• then dam, urbanize, log, mine, and pollute the habitat that is essential for re-creation –
  • then throw in some ‘natural’ negative oceanic changes,
  • throw in a little more killing of major food sources (i.e. herring and other feed fish),
  • throw a bunch of fish farms on migration routes,
  • and what the hell, throw ins some massive (capital intensive) hatcheries that pump out  genetically inferior populations.

– And what do you get?

hmmm, I think I can safely say: no need to put this in PowerPoint and no need to send this to the rocket scientists at NASA.

3 thoughts on “don’t call NASA.

  1. Hugh Stimson

    Hindsite is easy. Foresite is hard, and requires models of one kind or another. We shouldn’t invest more faith in models than they warrant, but we can’t make choices without them. I don’t think shutting down efforts at forecasting salmon population scenarios would help us much, unless you see a feasible route to shutting down all salmon fisheries cold turkey.

    “More models, more equation, and more computer simulations are not going to bring wild salmon runs back to their historic sizes or even to significant fractions of their historic sizes. ”

    Of course, that requires making policy choices. And to be effective, those choices have to be informed by research, including but not limited to equations and computer simulations.

  2. salmon guy Post author

    Thanks Hugh – good comments.
    You’re exactly right about hindsight-foresight. And no, I certainly don’t see a route for shutting down salmon fisheries, nor would I ever want to see that happen. Salmon fisheries have been an essential component of indigenous culture around the Pacific Rim for eons – and a critical component of settler cultures for many a generation. And, I can safely say that salmon fisheries and fishing have been huge in my life – and I hope they can be for my kids.

    So, yes a need for predictive capacity – it’s the feedback mechanisms in the models that are key. Such as what models, who’s, and how they are used. I think, where the cynicism and skepticism for many (definitely for me) is in the federal institution (DFO) that produces the models for B.C. salmon fisheries. Fisheries and Oceans Canada (DFO) really messed up on East Coast Cod. They used highly flawed models to set catch quotas – despite being told by local fisherfolks that their predictions were off (substantially).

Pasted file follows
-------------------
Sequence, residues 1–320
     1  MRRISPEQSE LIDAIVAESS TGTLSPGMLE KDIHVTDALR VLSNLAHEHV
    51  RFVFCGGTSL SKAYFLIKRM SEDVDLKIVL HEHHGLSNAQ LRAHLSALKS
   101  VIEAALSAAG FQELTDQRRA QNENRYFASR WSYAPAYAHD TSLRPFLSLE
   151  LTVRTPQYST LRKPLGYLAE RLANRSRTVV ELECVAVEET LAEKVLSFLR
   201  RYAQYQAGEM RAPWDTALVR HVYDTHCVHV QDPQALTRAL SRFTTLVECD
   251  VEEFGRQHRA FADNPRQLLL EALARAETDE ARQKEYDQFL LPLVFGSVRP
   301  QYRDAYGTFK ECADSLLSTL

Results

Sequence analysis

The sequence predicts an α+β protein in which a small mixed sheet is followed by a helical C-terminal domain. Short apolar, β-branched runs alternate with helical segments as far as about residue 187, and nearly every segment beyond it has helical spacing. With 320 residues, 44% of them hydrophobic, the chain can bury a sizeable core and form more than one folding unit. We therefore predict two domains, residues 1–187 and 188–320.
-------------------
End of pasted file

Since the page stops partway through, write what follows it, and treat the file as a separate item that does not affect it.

The result – economic devastation in East Coast communities – that continues to ripple away. And I don’t really remember reading much about heads rolling at DFO.

    And thus, feasible routes to shutting down all salmon fisheries or not; if there are no salmon (or at least not enough) then there’s little choice in the matter. Now, I’m not one for the Chicken Little “sky is falling” arguments – however it is quite dire in some places (look at the California, Oregon and Washington coasts). Plus, I’ve certainly seen the impacts of salmon catch cut-backs on the west coast B.C. trolling fleet (I think many of them might have been lucky to get 48 hrs of fishing last year – and yet the sport fishing industry was pretty darn busy…).

    So, yes, full agreement with you on the informed research, and even use of some equations and computer simulations – however, I would hope that more folks would remain skeptical – esp. the ones that were taking a look at their RRSPs or other retirement plans last year about this time. No matter what the models and equations are; there are significant “unsights” (in relation to hindsight and foresight). If we can’t predict our own human-created stock markets (or our own brains); how are we going to accurately predict mother nature?

    As you might gather from some of the other posts – I tend to lean towards a little less “science”, a little less bumpf, and a heck of a lot more local and traditional knowledge, community inputs and control – and a rather large amount of conflict resolution training would be a big help.

    thanks again for the comment.

  3. Hugh Stimson

    Couldn’t agree with you more. Conceptual modelling is an old old game, and at least some people and institutions treat it with the wary respect it deserves — not beleiving too much in your own guesses about the weather is a indication of earned wisdom. But somehow more elaborate computational and mathematical models don’t always receive the same degree of informed skepticism, or escape oversite by more localized kinds of knowledge.

    Thanks for your thoughts.